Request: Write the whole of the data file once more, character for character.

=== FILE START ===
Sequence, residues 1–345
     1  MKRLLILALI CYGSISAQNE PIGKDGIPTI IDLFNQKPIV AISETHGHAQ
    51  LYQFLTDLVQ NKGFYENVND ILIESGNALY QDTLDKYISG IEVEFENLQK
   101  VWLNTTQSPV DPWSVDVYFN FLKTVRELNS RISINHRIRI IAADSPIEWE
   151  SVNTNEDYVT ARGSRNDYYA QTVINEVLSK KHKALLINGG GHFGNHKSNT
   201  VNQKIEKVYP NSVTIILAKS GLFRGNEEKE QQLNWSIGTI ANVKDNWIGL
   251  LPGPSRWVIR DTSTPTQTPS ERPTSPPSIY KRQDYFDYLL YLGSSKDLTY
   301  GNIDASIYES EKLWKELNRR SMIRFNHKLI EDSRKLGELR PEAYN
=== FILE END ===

Sequence, residues 1–345
     1  MKRLLILALI CYGSISAQNE PIGKDGIPTI IDLFNQKPIV AISETHGHAQ
    51  LYQFLTDLVQ NKGFYENVND ILIESGNALY QDTLDKYISG IEVEFENLQK
   101  VWLNTTQSPV DPWSVDVYFN FLKTVRELNS RISINHRIRI IAADSPIEWE
   151  SVNTNEDYVT ARGSRNDYYA QTVINEVLSK KHKALLINGG GHFGNHKSNT
   201  VNQKIEKVYP NSVTIILAKS GLFRGNEEKE QQLNWSIGTI ANVKDNWIGL
   251  LPGPSRWVIR DTSTPTQTPS ERPTSPPSIY KRQDYFDYLL YLGSSKDLTY
   301  GNIDASIYES EKLWKELNRR SMIRFNHKLI EDSRKLGELR PEAYN